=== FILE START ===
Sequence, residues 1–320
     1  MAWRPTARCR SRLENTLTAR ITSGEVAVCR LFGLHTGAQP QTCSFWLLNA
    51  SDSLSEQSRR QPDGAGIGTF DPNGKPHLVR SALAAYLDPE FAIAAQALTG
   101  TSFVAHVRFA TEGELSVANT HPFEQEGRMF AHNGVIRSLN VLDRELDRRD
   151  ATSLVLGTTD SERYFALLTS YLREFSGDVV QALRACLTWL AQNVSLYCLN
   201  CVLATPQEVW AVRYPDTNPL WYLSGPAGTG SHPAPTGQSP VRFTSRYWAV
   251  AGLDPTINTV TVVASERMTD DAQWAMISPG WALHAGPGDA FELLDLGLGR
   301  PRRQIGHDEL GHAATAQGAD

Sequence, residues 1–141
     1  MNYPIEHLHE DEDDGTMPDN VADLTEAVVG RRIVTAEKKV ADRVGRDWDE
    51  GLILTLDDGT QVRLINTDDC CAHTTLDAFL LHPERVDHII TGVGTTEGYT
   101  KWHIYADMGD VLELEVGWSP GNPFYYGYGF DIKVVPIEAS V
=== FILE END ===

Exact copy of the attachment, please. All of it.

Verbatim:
Sequence, residues 1–320
     1  MAWRPTARCR SRLENTLTAR ITSGEVAVCR LFGLHTGAQP QTCSFWLLNA
    51  SDSLSEQSRR QPDGAGIGTF DPNGKPHLVR SALAAYLDPE FAIAAQALTG
   101  TSFVAHVRFA TEGELSVANT HPFEQEGRMF AHNGVIRSLN VLDRELDRRD
   151  ATSLVLGTTD SERYFALLTS YLREFSGDVV QALRACLTWL AQNVSLYCLN
   201  CVLATPQEVW AVRYPDTNPL WYLSGPAGTG SHPAPTGQSP VRFTSRYWAV
   251  AGLDPTINTV TVVASERMTD DAQWAMISPG WALHAGPGDA FELLDLGLGR
   301  PRRQIGHDEL GHAATAQGAD

Sequence, residues 1–141
     1  MNYPIEHLHE DEDDGTMPDN VADLTEAVVG RRIVTAEKKV ADRVGRDWDE
    51  GLILTLDDGT QVRLINTDDC CAHTTLDAFL LHPERVDHII TGVGTTEGYT
   101  KWHIYADMGD VLELEVGWSP GNPFYYGYGF DIKVVPIEAS V